With the increasing emphasis on economic evaluations, there is a need for additional methods of measuring patient utility in the obstructive sleep apnea population.
To develop and validate a utility scoring algorithm for a sleep apnea-specific quality-of-life instrument.
Development and validation were conducted at 2 tertiary referral sleep centers and associated sleep clinics and included patients with newly diagnosed obstructive sleep apnea from a randomized clinical trial and an associated observational cohort study. Baseline participants were randomly divided into a model development group (60%) and a cross-validation group (40%).
Utility scoring of the Symptoms of Nocturnal Obstruction and Related Events (SNORE-25) was mapped from the SF-6D utility index through multiple linear regression in the development sample using the Akaike information criterion to determine the best model.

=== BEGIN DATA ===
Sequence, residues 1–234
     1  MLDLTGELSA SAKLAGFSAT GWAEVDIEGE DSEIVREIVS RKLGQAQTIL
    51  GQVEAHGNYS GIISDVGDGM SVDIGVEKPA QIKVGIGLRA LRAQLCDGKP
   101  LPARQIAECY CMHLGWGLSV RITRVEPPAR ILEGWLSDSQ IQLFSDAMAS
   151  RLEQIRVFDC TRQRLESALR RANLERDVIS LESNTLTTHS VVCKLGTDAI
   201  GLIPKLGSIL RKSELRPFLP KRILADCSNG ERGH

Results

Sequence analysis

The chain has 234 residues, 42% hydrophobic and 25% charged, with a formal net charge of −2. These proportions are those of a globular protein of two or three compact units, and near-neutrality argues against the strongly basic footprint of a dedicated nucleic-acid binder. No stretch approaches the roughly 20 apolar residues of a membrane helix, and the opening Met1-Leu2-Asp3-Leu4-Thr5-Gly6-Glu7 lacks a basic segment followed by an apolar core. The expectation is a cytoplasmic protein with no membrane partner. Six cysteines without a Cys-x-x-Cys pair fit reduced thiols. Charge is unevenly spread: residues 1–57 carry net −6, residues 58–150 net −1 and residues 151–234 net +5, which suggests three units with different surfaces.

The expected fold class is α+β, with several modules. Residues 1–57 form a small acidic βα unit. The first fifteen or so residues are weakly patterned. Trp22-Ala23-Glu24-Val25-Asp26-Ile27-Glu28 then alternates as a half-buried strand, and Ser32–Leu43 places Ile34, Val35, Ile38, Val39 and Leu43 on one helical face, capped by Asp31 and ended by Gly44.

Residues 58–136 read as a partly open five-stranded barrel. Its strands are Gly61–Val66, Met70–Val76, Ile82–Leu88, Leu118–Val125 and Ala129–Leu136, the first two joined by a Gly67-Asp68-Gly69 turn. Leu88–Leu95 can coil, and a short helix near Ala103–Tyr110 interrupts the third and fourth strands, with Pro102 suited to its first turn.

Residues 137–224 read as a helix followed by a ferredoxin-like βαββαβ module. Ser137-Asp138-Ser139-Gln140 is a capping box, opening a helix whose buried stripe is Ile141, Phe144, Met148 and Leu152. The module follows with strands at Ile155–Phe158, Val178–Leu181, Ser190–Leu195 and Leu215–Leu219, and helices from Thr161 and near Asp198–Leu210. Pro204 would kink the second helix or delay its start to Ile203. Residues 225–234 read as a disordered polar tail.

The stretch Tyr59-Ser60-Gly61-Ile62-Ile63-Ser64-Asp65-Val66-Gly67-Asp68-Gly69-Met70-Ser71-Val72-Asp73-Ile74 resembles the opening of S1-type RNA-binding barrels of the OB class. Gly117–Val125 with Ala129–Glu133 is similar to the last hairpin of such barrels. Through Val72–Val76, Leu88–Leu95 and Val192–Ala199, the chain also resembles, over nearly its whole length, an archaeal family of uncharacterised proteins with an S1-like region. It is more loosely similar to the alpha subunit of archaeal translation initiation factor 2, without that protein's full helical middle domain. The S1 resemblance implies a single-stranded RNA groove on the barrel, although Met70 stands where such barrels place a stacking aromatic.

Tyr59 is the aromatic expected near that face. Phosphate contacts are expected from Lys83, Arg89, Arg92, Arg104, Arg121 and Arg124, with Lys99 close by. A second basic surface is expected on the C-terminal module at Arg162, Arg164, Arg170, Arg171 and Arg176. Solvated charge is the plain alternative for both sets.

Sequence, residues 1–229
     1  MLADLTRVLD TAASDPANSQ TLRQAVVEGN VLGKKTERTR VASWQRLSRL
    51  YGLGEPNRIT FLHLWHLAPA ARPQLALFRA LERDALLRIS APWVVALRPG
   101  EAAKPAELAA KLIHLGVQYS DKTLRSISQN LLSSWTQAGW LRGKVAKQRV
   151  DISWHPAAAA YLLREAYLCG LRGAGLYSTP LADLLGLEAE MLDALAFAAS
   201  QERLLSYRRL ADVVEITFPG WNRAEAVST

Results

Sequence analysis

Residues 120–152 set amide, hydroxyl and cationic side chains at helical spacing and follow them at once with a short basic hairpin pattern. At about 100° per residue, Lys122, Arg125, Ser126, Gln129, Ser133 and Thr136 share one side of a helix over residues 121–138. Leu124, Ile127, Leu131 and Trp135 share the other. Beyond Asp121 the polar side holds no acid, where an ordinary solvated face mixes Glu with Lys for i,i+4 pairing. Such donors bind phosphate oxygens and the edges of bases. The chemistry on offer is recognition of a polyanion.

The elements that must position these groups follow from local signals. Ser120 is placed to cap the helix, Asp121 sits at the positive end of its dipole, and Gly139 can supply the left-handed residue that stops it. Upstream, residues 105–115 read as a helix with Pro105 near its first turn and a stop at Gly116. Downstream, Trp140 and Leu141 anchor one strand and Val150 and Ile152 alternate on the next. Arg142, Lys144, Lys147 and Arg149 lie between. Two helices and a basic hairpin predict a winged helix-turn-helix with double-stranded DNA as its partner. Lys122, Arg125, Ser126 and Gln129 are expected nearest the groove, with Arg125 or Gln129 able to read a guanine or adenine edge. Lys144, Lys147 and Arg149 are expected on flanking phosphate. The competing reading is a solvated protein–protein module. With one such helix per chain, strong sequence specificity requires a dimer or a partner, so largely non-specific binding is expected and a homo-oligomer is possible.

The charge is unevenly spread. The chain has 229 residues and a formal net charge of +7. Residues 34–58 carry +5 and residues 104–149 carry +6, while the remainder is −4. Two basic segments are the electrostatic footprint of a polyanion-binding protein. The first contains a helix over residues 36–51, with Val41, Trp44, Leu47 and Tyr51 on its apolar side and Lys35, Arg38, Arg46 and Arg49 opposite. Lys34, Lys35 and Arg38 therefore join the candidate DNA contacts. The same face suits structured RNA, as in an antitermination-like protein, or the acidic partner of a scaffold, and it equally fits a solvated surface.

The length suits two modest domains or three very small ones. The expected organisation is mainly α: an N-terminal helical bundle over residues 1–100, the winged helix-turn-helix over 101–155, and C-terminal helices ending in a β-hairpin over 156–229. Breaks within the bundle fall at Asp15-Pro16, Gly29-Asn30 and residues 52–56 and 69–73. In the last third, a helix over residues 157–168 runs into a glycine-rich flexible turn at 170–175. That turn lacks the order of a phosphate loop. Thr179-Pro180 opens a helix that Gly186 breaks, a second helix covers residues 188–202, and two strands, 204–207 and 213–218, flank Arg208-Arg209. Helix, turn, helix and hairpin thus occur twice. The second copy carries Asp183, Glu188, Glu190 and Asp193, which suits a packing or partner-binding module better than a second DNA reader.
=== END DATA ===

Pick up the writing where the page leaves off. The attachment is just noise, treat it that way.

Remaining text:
A total of 500 participants (development, n = 300; validation, n = 200) were enrolled; the analyzed sample of 500 participants included 295 men (59%), and the mean (SD) age was 48.6 (12.8) years, with a range of 18 to 90 years. The mean (SD) SF-6D utility among participants with untreated sleep apnea was 0.61 (0.08; range, 0.40-0.85) with similar utility across sleep apnea severity groups. The best-fit model (the SNORE Utility Index) was the natural log conversion of the instrument subscales (r2 = 0.32 in the development sample). The SNORE Utility Index retained this association within the validation sample (r2 = 0.33).
The SNORE Utility Index provides a validated, disease-specific, preference-weighted utility instrument that can be used in future studies of patients with obstructive sleep apnea.